Tony Blankley

Admittedly, as Emerson instructs, "A foolish consistency is the hobgoblin of little minds, adored by little statesmen and philosophers and divines." Still, Washington at the moment seems to be suffering from notably "large" and "inconsistent" minds.

There is, of course, the hilarious inconsistency and largeness of John Edwards charging $50,000 to give a college speech on poverty; specifically noting that we live in two Americas, one rich (those who get paid $50,000 for a half-hour speech) and one poor (those who have to take out a long-term loan to pay for their college textbooks -- and whose college payments paid for Edward's $50,000 speaking fee).

Also, and now famously, there is Al Gore: the energy-gobbling, carbon-emitting, endomorphic carbon-based life form who morally condemns all who gobble energy and emit carbon.

Not to be outdone, the last few years have seen rock-ribbed conservative Republicans calling for limited government and balanced budgets -- while spending the country into bankruptcy at the urgings of their friendly former staffer/lobbyists who funneled money to their re-election campaigns.

Well, at least all these inconsistencies are understandable as the natural product of the universal human yearning to enrich oneself and feather one's nest.

But there are other inconsistencies currently afoot in Washington that are a disgrace to man's proud claim to be a reasoning beast.

Consider the current arguments about the immigration bill. For oh so long, the supporters of the bill have been making two points: 1) It is impossible for the U.S. government to actually identify and round up all the illegals in the country; and, 2) a fence on the border is bound to be ineffective as well as being immoral. Indeed opponents of the fence have idiotically compared it to the Berlin Wall -- although one protects a free country from illegal intrusion, while the other kept enslaved people from escaping their slavery.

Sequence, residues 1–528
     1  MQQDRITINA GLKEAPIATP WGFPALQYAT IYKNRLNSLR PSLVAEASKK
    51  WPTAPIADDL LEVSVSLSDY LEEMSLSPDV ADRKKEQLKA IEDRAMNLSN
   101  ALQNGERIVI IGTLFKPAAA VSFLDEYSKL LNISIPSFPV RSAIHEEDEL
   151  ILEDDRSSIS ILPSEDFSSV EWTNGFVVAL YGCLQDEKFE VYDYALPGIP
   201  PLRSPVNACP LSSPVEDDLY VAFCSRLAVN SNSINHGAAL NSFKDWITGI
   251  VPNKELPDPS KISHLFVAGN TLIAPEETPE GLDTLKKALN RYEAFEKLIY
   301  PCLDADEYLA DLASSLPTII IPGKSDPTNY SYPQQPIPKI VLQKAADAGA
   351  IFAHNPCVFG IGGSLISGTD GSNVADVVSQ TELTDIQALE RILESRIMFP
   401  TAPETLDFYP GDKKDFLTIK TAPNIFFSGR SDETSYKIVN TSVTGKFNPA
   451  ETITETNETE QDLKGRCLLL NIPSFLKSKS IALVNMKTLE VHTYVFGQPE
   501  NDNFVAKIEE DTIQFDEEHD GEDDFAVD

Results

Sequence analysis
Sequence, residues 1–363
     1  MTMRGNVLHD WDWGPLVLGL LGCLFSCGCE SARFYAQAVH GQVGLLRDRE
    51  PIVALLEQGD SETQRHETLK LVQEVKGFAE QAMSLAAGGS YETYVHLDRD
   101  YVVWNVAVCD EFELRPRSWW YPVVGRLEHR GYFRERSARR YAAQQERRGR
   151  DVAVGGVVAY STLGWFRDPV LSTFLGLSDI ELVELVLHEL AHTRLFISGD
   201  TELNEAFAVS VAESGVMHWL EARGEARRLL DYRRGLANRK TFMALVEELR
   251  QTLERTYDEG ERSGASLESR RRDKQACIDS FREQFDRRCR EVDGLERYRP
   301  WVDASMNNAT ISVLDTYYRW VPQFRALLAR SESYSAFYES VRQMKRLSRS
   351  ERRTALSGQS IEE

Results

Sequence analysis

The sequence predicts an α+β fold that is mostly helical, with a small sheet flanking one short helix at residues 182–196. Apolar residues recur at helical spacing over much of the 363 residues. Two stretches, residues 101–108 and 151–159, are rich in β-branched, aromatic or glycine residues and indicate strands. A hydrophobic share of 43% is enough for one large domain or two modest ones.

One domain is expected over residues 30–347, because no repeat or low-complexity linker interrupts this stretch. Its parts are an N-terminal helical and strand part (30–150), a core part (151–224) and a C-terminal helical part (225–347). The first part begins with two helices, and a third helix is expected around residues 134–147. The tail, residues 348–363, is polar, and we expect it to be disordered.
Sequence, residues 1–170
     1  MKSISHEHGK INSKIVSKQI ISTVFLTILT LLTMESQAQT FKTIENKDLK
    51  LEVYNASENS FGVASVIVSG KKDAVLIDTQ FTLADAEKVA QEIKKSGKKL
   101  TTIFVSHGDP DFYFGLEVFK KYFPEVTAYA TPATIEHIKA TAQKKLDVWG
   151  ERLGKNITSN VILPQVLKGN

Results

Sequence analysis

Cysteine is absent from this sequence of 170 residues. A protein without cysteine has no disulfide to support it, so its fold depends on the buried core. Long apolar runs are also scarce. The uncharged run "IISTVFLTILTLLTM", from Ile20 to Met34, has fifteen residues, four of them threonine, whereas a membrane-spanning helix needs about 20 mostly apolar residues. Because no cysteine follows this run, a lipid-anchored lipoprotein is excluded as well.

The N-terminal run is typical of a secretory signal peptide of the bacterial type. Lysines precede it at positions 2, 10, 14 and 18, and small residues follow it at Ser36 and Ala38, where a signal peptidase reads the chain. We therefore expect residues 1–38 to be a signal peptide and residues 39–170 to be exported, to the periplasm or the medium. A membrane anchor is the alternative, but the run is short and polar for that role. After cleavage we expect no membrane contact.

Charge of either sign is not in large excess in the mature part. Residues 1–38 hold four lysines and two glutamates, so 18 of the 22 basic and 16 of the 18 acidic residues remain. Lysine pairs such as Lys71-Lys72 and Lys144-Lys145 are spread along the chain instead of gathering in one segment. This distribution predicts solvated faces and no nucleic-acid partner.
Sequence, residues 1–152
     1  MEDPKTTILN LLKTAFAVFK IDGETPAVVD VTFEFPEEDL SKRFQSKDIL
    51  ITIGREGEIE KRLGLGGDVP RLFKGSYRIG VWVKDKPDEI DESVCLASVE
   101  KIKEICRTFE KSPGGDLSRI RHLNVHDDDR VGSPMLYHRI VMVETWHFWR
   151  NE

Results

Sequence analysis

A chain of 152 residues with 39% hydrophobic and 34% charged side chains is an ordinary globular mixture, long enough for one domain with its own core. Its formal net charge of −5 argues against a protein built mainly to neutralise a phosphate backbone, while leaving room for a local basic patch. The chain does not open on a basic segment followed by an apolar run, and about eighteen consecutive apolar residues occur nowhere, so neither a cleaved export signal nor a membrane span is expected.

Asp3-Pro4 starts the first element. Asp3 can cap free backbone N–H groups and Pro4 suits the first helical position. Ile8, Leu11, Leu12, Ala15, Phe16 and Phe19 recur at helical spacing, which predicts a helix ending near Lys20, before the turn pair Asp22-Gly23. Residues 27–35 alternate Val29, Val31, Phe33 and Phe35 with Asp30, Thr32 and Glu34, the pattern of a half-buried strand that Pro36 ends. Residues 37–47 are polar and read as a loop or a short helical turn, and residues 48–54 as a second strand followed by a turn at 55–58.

Now, suddenly, these same people claim that the same previously nitwit bureaucracy will not only be able to find all 12 million (or 20 million) illegals, but will be able to flawlessly run background checks, positively identify each individual, as well as monitor all American businesses to make sure no new illegals are being hired and the newly legal are in perfect compliance with their limited status. Oh, yes, and they also will be able to test all 12 million to assure us they can all speak the Queen's English at least as well as does William F. Buckley Jr.

Also, suddenly, they have lost all their moral outrage about the fence: "You want a morally offensive fence, no problem, you got a fence. What, me worry about moral consistency?"

Tony Blankley

Tony Blankley, a conservative author and commentator who served as press secretary to Newt Gingrich during the 1990s, when Republicans took control of Congress, died Sunday January 8, 2012. He was 63.

Blankley, who had been suffering from stomach cancer, died Saturday night at Sibley Memorial Hospital in Washington, his wife, Lynda Davis, said Sunday.

In his long career as a political operative and pundit, his most visible role was as a spokesman for and adviser to Gingrich from 1990 to 1997. Gingrich became House Speaker when Republicans took control of the U.S. House of Representatives following the 1994 midterm elections.

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